Drifting and striding, in Hollywood and elsewhere, with Geoff Nicholson - author of The Lost Art of Walking, and Walking in Ruins withcholson, author of Toff Nidrifting and stomping withcholson, author of The Lost Art of Walking, considers the narrower and wider shores of obsessive pedestrianism.

Wednesday, September 4, 2013


I’m going to New York next month, and I’ve been looking in to hiring a car in Manhattan.  I’m not planning to drive in Manhattan, but to use the car to drive out of Manhattan and go upstate and do some walking.  Yes, yes the ironies abound, I know. 

The yelp and tripadvisor reviews suggest that car rental firms in New York City are a bunch of knaves or fools.  And all I can say is that if Norman Mailer had had his way it would probably have been a lot worse.  When he ran for mayor of New York in 1969, his plans included free public bicycles, no private cars allowed in Manhattan (he, of course, rather conveniently lived in Brooklyn), and a day a month called “Sweet Sunday” when all mechanical transportation, public or private, and including elevators, (and I suppose bicycles since they’re mechanical) would be banned.  I guess rather a lot of walking would have been involved.  And of course the chances of Mailer actually getting elected were small, though he did win a fairly creditable 5 per cent of the vote.  I can’t say I ever imagined Mailer was much of a walker, and toward the end of his life he certainly had to use two canes, though here he is about to go for a “perp walk.”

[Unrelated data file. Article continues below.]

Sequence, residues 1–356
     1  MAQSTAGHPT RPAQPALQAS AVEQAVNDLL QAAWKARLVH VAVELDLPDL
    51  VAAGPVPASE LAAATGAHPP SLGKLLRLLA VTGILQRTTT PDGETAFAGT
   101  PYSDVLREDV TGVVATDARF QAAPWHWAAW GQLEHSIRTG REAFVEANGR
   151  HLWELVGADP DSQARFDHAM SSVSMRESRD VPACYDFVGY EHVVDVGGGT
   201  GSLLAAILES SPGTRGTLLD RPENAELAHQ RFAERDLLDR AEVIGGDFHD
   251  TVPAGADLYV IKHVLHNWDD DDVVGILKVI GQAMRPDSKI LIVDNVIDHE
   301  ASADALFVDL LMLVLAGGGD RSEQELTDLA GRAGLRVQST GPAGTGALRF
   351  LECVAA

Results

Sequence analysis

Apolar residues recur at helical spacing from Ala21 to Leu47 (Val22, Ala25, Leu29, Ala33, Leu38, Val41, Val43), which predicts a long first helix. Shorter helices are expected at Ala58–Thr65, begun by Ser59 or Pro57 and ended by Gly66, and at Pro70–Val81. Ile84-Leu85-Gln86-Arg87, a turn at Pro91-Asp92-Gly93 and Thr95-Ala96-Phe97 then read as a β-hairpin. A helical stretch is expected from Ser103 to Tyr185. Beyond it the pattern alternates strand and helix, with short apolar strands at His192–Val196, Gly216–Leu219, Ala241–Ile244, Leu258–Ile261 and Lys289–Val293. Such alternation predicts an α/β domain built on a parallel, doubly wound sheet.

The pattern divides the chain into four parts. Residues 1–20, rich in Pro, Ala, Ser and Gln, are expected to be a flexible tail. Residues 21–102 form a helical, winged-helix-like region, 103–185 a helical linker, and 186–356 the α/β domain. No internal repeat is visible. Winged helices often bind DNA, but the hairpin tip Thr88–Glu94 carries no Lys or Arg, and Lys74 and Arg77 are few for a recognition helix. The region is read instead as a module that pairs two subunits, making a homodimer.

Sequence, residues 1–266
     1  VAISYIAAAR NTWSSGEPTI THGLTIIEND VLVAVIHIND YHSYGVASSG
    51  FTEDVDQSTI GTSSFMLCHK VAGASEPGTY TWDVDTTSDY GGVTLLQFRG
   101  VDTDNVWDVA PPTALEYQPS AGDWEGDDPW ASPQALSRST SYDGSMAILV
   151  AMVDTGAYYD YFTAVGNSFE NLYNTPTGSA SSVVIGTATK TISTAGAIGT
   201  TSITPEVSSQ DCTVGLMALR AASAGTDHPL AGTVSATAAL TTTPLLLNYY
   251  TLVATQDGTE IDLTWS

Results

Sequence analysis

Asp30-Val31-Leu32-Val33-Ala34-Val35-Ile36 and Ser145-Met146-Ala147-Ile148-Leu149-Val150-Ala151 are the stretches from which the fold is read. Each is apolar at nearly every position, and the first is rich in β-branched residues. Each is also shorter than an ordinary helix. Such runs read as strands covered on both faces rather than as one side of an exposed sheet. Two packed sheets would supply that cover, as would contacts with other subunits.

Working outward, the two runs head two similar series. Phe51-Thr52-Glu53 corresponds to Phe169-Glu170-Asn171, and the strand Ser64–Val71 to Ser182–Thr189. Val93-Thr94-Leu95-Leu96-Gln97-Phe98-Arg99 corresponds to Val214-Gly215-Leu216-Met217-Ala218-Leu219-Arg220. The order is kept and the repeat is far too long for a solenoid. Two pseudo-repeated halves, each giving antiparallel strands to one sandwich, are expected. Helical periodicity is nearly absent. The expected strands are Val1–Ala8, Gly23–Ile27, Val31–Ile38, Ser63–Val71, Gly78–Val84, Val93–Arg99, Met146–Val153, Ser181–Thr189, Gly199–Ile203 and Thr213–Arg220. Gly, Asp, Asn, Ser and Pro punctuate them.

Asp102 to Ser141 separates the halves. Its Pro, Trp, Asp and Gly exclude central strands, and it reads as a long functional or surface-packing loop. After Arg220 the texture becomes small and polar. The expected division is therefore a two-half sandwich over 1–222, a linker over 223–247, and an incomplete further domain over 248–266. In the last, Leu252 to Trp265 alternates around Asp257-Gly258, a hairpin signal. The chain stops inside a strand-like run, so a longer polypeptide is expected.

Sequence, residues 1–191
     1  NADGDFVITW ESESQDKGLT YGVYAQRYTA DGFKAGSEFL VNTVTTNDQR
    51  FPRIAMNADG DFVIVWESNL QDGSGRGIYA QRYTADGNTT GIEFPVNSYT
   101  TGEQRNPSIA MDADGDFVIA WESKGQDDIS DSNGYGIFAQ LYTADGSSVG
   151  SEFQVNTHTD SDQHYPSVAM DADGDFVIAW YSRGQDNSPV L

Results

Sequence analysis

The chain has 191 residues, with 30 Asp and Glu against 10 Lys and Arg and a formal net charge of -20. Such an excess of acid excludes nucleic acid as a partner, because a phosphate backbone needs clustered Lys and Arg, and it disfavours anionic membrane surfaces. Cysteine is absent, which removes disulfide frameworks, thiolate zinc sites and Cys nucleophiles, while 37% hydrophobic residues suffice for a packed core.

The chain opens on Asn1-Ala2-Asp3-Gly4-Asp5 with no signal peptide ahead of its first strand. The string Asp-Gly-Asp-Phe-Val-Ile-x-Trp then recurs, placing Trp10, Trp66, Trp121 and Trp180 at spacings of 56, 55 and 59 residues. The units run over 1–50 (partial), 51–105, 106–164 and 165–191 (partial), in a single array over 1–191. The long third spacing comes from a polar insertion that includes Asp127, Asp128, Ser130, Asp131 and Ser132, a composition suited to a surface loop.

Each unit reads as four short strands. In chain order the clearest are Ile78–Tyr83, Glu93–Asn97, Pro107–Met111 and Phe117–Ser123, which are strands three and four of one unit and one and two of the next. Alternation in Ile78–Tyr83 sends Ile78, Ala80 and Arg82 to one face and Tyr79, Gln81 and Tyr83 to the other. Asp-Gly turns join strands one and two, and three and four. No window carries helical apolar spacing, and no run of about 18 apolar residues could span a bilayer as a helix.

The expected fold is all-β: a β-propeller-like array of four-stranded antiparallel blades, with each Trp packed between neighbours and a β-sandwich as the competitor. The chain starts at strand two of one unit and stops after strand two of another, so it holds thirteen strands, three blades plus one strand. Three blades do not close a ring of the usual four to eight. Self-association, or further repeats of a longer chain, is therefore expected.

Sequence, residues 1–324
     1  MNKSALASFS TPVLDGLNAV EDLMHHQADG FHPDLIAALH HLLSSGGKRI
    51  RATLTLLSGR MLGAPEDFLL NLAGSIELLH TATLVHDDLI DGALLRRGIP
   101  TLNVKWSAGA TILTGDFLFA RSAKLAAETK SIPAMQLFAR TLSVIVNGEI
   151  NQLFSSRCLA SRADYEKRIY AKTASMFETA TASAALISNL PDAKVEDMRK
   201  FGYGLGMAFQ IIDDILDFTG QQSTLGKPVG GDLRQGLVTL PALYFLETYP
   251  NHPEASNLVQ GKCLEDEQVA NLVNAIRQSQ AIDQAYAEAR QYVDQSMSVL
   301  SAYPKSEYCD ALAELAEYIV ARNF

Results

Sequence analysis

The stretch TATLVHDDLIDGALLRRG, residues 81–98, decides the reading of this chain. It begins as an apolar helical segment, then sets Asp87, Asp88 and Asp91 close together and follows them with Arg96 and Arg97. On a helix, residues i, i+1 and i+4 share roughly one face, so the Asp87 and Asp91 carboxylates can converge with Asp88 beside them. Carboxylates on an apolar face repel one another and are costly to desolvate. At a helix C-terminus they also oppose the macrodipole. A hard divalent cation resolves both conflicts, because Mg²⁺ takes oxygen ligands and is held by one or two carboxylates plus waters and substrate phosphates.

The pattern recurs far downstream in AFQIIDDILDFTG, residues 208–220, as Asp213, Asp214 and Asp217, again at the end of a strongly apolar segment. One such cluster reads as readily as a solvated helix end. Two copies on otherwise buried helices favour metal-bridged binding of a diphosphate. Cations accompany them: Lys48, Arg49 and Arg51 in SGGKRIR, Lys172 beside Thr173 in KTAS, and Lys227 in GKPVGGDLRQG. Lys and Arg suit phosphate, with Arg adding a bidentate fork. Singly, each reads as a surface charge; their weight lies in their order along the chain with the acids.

The picture below, by Tom Callan, for the Brooklyn Paper, shows Mailer walking along Montague Street in Brooklyn Heights in 1991.

In the movie, Factory Girl, about Edie Sedgwick, there’s a scene where Andy Warhol (played by Guy Pierce) goes to confession and says, “Well, I have this friend, Mark, well he buys all his clothes from Bloomingdales, but because he’s from London everybody on the Cape keeps talking about his fabulous English look, which really is so good.  He was in a party up there last weekend and Norman Mailer walked up and punched him the stomach. And when Mark asked him why he said it was for wearing a pink coat.  I know I should have been happy for Mark that Norman Mailer punched him but all I could think was, will Norman Mailer ever punch me?  I don’t even have a pink coat.”

The episode is essentially true.  The punchee was Mark Lancaster (that’s him above on the right), and it seems to have been a pink shirt, not a coat, and Mailer apparently called him a “pansy effete Englishman” before punching him.  Warhol however didn’t wait to go to confession to deliver his line, he Warhol said it at the time, as a camp put down of Mailer’s “manliness.”  And in fact, I’m sure Norman Mailer would have been very happy to walk over and punch Warhol too: though he saved the stabbing for his wife.

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